Lambda Search

Keywords: Software

Lambda Search is a kind of generalized Null-Move Search for solving open-space Go problems. The objective can be to capture a group, connect two of your own groups and similar problems where the outcome is a simple yes/no answer. It is defined to use lambda-trees of different orders. Lambda-trees can only contain lambda-moves of the same order (subset of all legal moves).

Evaluating the minimax value on a lambda-n tree, results in either 1 (success) or 0 (failure). When the result is 1, there is absolute certainty, that this result can be reached in normal play, i.e. the minimax value of the full game tree is indeed 1.

However, if the value of the lambda-n tree is 0, this does not mean the problem cannot be solved. There could be a solution when going to higher orders (lambda-(n+1) tree, ...). (Go tactics: if a working ladder does not exist, look for a net)

Lambda trees can be searched with standard game tree search algorithms like Alpha-Beta Search, or Proof-Number Search; but for the moves, it has to be determined whether moves are really Lambda-n moves (which is checked with a recursive call: after a null move (=defender pass) there has to exist a lambda-n tree of lower order for the attacker).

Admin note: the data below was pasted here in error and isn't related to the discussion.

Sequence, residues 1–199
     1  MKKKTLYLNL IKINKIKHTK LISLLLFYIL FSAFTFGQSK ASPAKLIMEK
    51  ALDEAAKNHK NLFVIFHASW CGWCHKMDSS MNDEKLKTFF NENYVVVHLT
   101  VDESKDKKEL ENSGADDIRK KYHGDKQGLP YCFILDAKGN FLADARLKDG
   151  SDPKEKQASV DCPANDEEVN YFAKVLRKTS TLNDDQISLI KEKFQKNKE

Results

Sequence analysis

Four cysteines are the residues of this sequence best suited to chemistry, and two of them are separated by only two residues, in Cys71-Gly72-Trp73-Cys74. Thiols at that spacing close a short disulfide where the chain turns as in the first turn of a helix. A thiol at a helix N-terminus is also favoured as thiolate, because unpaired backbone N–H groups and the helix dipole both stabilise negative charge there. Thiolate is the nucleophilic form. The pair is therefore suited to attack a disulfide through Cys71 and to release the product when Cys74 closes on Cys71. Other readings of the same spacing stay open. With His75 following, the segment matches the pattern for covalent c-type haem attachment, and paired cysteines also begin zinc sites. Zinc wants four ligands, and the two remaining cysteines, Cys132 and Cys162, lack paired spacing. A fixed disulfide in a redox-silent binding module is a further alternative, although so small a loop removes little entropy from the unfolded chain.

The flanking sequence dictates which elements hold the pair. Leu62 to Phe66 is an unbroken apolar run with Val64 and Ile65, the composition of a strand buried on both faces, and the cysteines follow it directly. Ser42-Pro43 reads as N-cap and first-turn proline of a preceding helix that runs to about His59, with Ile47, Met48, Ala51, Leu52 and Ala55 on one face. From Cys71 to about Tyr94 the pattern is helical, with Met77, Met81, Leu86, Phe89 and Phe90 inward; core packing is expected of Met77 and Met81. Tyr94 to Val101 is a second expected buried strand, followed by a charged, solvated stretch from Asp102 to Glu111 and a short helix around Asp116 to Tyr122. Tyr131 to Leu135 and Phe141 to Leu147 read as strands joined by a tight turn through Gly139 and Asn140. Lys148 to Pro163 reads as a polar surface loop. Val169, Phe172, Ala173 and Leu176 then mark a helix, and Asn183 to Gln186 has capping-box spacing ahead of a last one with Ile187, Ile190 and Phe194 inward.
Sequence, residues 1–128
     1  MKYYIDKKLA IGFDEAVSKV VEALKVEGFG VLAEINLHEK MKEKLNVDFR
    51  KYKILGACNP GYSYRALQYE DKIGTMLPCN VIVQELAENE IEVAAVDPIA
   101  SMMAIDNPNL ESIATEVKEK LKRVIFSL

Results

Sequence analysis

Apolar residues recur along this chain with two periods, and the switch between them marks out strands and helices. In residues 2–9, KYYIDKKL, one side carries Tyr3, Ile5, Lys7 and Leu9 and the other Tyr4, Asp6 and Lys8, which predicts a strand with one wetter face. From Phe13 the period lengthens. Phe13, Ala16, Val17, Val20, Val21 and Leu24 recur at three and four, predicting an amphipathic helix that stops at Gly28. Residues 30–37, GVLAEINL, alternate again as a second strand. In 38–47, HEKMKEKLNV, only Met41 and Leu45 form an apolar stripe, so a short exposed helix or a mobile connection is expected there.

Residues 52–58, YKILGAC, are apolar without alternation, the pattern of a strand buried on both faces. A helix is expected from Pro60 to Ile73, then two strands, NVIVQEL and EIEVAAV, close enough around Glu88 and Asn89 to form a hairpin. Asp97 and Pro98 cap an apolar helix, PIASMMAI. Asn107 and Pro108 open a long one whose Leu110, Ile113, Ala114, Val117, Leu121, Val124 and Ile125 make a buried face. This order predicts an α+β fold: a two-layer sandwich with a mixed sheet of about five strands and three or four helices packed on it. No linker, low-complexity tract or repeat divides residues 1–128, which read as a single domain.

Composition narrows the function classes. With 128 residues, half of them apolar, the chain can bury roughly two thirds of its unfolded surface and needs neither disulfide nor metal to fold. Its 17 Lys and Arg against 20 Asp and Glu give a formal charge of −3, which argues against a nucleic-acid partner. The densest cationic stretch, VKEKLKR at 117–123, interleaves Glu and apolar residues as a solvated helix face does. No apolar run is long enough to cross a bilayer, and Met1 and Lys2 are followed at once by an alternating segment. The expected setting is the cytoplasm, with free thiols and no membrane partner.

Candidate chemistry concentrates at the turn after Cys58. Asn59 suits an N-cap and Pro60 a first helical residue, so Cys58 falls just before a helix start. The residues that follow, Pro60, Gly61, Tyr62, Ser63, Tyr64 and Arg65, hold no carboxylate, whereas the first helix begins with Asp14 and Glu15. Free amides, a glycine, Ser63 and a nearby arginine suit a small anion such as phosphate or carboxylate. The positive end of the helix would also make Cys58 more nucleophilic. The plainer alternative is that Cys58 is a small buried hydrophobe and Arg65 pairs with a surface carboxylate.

By limiting the allowed moves in the lambda-trees, the branching factor is reduced, which makes the search more effective (only threats up to a certain level are considered).

Examples:

• Lambda_a^0 Tree: (for attacker, lambda level=0)
• has value 1: if the attacker's goal can be achieved directly by at least one of the attacker's legal moves
• has value 0: otherwise
• Lambda_a^1 Tree: (for attacker, lambda level=1, like Go Ladder)
• has value 1: if ladder played by the attacker works (sequence of ataris, with final capture)
• has value 0: otherwise
• Lambda_a^2 Tree: (for attacker, lambda level=2, like Go net)
• has value 1: a working "net" or loose ladder exists
• has value 0: otherwise

etc ...

References

Lambda Search last edited by tamingo on June 25, 2015 - 15:22